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A Discussion on China’s Recent Education Reform on CCTV 9

30 March 2010 558,106 11 Comments

When I was in China recently, I was asked to commend on China’s new education reform plan on China’s national TV network (China Central TV — or CCTV). The program is in English. While there are manly proposed reform measures, one of the most significant is reform on college admissions, which has to do with the infamous gaokao. I wrote about the reform plan in a recent post and here is the TV program.

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  • Chan Lü said:

    Dear Dr. Zhao,

    I have been following your blog and also just finished your new book, Catching Up or Leading the Way. Bravo!

    As BBS netizens say, ???????. Therefore, after watching and reading your materials, I am posting some of my (naive) comments/questions here.

    The first one is whether the educational reform effort is just to reform the National Entrance Exam, which I thought is perhaps only the beginning of a grand reform. Hopefully the reform of the test itself will promote changes in classroom teaching as well as assessment. To achieve the latter, perhaps a radical change in Chinese teacher education will be highly necessary.

    Second, in your video you specifically mentioned that one of the goals of the U.S. K-12 education is to close the achievement gap, which is essentially a question of educational equity. Yet, regarding Gaokao, whether the Chinese government and universities would pick up on this front and really address the widely discussed problem of educational inequity is another matter.

    Thirdly, the issues hotly debated in the video and in your book are more related to Chinese K-12 education; yet, we can’t deny the importance of university and graduate school education in fostering a country’s creativity and competitiveness. The Chinese post-secondary education, like anywhere else, also has many problems. Regarding this, I have two questions. First, will your future books be on this topic? Second, any thoughts on how the reform of Gaokao may affect the process and outcome of Chinese post-secondary education?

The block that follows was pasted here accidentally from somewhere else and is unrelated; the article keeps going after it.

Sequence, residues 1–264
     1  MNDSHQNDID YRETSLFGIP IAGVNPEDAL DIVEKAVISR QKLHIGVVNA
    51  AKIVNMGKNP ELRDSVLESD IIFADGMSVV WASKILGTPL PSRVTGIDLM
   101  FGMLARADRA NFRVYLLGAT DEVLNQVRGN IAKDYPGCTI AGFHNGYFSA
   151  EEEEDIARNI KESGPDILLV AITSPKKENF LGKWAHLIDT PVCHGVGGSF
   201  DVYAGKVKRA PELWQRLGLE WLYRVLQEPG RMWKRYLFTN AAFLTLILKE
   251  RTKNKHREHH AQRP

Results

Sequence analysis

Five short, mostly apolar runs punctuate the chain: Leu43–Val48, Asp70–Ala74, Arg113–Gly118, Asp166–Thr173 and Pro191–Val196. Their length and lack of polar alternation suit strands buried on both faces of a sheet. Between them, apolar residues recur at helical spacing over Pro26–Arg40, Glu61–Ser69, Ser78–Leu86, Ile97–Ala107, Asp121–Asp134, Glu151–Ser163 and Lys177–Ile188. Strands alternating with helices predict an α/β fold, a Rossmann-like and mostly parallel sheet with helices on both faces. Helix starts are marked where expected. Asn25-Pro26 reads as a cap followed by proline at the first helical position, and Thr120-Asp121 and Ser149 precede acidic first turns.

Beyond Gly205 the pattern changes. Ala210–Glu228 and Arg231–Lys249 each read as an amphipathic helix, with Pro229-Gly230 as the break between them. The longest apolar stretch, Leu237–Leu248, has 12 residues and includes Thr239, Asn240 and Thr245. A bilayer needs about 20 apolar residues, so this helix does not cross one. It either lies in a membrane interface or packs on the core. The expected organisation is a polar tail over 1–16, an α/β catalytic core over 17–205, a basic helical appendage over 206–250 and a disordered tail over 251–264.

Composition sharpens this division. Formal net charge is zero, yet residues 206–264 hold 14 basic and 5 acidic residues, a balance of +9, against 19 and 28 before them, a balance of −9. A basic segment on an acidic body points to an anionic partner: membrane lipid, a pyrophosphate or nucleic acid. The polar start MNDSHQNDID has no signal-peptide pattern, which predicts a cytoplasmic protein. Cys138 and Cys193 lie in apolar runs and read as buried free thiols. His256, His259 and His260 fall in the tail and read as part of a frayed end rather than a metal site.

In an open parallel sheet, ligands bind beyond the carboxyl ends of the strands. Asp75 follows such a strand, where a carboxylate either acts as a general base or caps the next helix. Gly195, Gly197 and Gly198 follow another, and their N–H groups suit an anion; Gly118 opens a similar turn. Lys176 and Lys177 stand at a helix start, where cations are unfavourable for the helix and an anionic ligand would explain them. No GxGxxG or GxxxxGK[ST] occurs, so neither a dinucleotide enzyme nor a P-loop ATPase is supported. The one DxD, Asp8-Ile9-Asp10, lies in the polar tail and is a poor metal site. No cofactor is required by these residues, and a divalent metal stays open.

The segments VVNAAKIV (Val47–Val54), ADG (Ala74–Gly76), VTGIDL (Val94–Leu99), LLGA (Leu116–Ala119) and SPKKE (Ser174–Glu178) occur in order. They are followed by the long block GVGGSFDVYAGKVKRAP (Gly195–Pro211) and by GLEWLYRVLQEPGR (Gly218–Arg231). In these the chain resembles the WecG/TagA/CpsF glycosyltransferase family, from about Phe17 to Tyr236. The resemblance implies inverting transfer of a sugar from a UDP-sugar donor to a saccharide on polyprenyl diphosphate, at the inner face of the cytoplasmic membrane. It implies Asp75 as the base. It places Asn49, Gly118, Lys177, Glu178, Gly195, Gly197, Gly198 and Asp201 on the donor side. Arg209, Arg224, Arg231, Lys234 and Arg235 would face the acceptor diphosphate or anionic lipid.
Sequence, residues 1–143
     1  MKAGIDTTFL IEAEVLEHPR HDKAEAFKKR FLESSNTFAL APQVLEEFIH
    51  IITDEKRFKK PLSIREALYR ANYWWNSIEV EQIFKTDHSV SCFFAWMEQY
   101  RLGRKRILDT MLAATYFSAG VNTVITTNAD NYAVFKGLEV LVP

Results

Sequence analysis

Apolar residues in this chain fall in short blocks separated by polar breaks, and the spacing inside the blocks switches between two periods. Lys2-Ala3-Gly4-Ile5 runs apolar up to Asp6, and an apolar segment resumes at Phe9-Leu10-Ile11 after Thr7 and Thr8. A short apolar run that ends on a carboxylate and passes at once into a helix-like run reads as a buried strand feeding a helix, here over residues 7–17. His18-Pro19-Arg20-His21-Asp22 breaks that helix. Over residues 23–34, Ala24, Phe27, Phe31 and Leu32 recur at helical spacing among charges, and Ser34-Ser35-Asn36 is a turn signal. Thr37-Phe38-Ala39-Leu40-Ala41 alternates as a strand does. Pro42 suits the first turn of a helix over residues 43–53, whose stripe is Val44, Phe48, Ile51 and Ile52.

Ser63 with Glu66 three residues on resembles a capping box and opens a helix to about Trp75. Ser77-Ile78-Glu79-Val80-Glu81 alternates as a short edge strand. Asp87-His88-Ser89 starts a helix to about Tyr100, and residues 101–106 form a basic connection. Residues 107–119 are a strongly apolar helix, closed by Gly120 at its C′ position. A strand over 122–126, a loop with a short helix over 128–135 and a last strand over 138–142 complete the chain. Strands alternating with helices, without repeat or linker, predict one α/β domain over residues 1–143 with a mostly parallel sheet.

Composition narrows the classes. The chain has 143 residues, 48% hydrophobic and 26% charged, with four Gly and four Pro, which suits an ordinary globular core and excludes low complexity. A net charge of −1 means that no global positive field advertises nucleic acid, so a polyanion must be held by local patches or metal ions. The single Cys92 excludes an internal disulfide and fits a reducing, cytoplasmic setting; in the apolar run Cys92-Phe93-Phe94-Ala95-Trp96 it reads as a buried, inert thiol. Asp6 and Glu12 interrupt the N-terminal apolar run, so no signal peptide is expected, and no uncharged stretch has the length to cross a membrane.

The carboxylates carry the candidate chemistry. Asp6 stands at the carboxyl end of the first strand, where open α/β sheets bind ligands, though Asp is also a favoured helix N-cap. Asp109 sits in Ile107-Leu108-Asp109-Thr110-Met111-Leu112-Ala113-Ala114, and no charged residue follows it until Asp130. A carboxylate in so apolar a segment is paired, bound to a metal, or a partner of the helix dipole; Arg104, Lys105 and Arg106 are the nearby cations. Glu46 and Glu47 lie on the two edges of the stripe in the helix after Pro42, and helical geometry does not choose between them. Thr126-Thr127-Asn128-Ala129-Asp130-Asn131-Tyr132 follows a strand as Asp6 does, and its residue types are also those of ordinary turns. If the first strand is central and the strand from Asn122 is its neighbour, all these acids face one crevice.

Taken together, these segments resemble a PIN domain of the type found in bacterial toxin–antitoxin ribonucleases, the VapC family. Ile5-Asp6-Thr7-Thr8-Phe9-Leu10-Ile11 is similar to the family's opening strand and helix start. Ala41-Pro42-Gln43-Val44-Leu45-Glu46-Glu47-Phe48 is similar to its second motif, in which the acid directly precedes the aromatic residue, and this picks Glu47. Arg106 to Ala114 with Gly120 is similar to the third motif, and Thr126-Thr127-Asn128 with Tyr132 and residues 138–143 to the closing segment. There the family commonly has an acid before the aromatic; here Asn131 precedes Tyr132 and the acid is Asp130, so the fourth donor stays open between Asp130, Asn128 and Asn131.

• Dman said:

    Very interesting discussion, but the sound is really quiet. Is there anything you can do to pump up the volume?

  • Jesse said:

    Dr. Zhao, thank you for posting the link. The future belongs to those that open up enrollment not limit it by single measures of assessment. Neither China nor the United States appears to understand the role diversity will play in the 21 century. I agree that allowing for multiple perspectives would ensure greater diversity of ideas, innovation and creativity. I was hopeful for the future of performance-based assessments in the United States, but No Child Left Behind in my opinion killed the hope for this in my humble opinion. Race To The Top appears to be even more narrow-minded.

    I love the concept of multiple paths to cross the river Professor Xue Lan of Tsinghua University spoke about in the interview. While in China higher education appears to be opening up somewhat I have my doubts that China is willing to truly move away from one single entrance exam policies yet. As for the United States the focus appears to be more and more on single measures and national standards. I am seeing no move away from NCLB under Arne Duncan as of yet. Thank you for blogging and posting the link. It is extremely informative, and useful to see the larger picture from an international perspective. My wife and I are making our first visit to China this week, and your sharing has been extremely helpful to understanding educational reforms in the U.S.A, and China.
    Jesse Turner

  • Dede Permana said:

    Nice Blog. I hope this blog useful for us all, especially knowledge about cctv

  • Jason Rivera said:

    K12 education is always the best””~

  • strip that fat review said:

    Its education has always been the best

  • MengyangLi said:

    The voice is too small, but I really agree that if the selection criteria doesn’t change any kind of educational reform in China is vain.

  • Chenzi Wang said:

    Dear Dr. Zhao,

    How are you? This is the first time I visited your blog. Thank you very much for posting such wonderful information here. I definitely will come here often and learn more from you.


  • Yvonne Siu-Runyan said:

    Dr. Zhao,

    You are right about pressure for good test scores and cheating.

    This is happening in the United States and is not good.

    It is sad that the United States is running towards what China wants to leave.

    Thank you!

  • LJ said:

    Hi there, just surfed here after reading your article on chinese college grads in NYT

    i’m just curious, why does CCTV english persist with old school wade giles names for Beida and Qinghua, why call them Peking and Tsinghua? I feel like i’m back in the 80s, isn’t hanyu pinyin standardised in broadcast now?

  • Eric Fitzsimmons said:

    Hello Dr. Zhao,

    I really enjoyed the Keynote talk you gave at the Northwest Council for Computer Education this past week in Portland, Oregon. I am not sure how, but it feel that your position, which seems to resonate amongst the majority of educators and parents alike, should be put in front of a larger and larger national audience. This I feel would become a grassroots movement that would perhaps create radical reform from the local level, and in a very short time would transform the thoughts of those at the national level. Give some thought, but I feel that you could not only be the voice but the face of education at a Cabinet level for our country.

    All my best and I look forward to reading your books and comments,


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